I watched reality shows… well, okay, bits of them… to see if I could pick up some bits and pieces to make this one feel authentic to readers who watch them.
Not that I’ve never watched a reality show before, but I do have an allergy to the format in general. But that’s neither here nor there.
So far, this story is heading toward novella territory, over 17,500 words (or roughly 70 paperback pages). It’s a near-future yarn, in which your living room television is augmented by feeds of the actual emotions of the actors. The main character snatches victory from the jaws of defeat with the help of an unexpected friend, Galore Holland. Her death triggers a great deal of difficulty for the protagonist, Chad Miklos. It may cost him everything… or catapult him into even greater fame.
There might be more going on. I’m still writing. But here’s a little excerpt from the rough draft, as Chad flees a party at which his agent, Isaac Chen, has been haranguing him in a most unwelcome fashion:
I got into my car and told it to take me to the coast.
“Would you like…” the feminine voice of the computer started.
“Shut up. Most direct route to the nearest coastline. Top speed.”
Under me, sixteen electric motors thrummed like sixteen Satans playing bass fiddle, four on each half-axle. The late great supercars of the past couldn’t match the acceleration of a GMMS Peregrine. The car whipped down the wide driveway so hard my vision blurred. It wove through the city streets and up onto the highway without stopping; the red light had been conquered in the last generation with the death of manual drive. Top speed, though, was limited by road and conditions; the computer topped it out at 275 km/h in the patchy rain. I pushed the sliding top open and adjusted the seat as high as it would go. The wind bellowed in my ears as my head cleared the roof. The raindrops slammed into my face in waves, like swarms of bees stinging the flesh raw. My eyes narrowed down to the thinnest slits possible in self-preservation. All I could see was the red blur of the Peregrine’s hood and smears of green from passing trees through the raindrops caught in my eyelashes.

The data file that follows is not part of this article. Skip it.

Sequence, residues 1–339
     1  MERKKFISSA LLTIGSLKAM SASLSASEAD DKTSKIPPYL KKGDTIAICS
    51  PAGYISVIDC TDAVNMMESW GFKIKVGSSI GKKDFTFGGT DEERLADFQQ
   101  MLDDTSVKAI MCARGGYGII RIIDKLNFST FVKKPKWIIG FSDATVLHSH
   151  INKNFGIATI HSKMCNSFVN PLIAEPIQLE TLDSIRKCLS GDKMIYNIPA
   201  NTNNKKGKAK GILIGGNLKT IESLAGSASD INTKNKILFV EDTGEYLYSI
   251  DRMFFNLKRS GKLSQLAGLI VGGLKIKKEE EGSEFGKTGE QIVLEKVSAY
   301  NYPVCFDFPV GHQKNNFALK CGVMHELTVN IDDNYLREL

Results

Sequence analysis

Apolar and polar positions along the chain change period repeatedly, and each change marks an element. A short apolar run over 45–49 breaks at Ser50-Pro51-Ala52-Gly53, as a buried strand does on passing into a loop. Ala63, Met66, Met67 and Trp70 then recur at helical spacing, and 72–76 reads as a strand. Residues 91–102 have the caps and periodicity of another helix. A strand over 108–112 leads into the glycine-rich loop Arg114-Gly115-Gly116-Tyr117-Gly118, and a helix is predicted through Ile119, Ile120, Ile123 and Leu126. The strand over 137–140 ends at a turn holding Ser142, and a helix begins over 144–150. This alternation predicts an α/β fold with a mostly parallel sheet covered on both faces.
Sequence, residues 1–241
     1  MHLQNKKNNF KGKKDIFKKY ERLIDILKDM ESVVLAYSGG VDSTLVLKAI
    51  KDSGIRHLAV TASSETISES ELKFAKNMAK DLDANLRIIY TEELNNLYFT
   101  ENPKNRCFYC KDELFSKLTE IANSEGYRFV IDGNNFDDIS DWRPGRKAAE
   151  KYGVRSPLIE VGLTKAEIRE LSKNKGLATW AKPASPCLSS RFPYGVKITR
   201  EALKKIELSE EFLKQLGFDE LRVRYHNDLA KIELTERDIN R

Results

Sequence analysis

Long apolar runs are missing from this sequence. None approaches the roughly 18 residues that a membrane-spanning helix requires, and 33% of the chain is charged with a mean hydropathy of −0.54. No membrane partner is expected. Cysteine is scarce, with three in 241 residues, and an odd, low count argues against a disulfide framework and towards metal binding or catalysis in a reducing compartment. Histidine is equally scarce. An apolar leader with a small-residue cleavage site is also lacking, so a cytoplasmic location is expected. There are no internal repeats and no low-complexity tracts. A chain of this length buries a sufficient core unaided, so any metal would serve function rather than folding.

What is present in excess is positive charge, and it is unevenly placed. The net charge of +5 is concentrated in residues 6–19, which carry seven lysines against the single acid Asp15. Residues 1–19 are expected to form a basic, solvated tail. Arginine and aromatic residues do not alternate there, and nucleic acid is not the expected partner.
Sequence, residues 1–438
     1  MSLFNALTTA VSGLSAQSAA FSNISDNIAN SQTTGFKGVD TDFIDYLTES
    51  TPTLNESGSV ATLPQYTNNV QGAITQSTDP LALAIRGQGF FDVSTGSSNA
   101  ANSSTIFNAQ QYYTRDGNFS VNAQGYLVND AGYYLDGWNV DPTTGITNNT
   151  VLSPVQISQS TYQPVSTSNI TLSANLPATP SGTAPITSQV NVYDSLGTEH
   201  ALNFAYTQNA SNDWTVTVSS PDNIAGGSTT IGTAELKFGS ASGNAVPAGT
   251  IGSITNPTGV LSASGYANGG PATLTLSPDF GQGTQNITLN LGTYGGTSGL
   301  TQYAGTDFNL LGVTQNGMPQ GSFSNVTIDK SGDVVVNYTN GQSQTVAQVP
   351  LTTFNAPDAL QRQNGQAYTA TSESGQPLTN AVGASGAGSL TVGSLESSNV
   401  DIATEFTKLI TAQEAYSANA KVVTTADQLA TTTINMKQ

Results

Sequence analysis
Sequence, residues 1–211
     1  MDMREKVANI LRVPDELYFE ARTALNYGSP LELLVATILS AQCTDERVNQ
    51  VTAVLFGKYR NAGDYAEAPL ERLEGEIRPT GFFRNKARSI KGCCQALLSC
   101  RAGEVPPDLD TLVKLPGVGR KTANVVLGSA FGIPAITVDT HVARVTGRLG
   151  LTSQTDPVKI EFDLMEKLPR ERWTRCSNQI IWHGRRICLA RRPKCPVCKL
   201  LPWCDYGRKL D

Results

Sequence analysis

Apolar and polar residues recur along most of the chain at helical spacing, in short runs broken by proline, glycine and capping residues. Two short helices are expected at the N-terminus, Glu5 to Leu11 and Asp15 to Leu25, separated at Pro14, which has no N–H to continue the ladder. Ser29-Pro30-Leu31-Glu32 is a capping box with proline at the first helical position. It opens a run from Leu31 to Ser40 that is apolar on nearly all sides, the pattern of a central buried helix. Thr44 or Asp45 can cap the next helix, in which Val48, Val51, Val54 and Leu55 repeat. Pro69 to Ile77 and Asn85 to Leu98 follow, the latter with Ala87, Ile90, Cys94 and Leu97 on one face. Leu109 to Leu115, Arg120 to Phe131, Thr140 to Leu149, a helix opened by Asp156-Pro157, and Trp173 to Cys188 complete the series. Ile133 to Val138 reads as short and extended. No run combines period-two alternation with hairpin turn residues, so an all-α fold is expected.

I rode like that all the way to the coast. I let the car idle for half an hour in the parking lot of a nameless beach overlook, watching the waves. I had no idea where I wanted to go from there, so I told it to take the scenic route home, reclined the seat, and went to sleep.
I dreamed of sitting in the bushes with Galore, on the ruins of an old parka, drinking cheap tequila out of a paper bag.
“Just don’t forget me,” she said, and I woke up in my dark garage gagging. The car was off but the computer was always paying attention. It rolled the window down in time for me to puke on the concrete floor.
The show must go on.